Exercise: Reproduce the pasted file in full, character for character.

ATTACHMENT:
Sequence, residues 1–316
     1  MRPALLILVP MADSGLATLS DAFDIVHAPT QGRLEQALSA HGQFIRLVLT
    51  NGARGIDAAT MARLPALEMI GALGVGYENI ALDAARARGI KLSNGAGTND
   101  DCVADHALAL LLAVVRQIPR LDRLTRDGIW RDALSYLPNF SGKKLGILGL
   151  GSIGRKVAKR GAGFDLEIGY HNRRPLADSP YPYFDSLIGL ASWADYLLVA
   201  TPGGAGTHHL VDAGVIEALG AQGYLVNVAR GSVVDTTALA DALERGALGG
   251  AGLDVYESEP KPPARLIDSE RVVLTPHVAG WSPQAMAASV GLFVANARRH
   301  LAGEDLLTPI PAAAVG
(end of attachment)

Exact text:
Sequence, residues 1–316
     1  MRPALLILVP MADSGLATLS DAFDIVHAPT QGRLEQALSA HGQFIRLVLT
    51  NGARGIDAAT MARLPALEMI GALGVGYENI ALDAARARGI KLSNGAGTND
   101  DCVADHALAL LLAVVRQIPR LDRLTRDGIW RDALSYLPNF SGKKLGILGL
   151  GSIGRKVAKR GAGFDLEIGY HNRRPLADSP YPYFDSLIGL ASWADYLLVA
   201  TPGGAGTHHL VDAGVIEALG AQGYLVNVAR GSVVDTTALA DALERGALGG
   251  AGLDVYESEP KPPARLIDSE RVVLTPHVAG WSPQAMAASV GLFVANARRH
   301  LAGEDLLTPI PAAAVG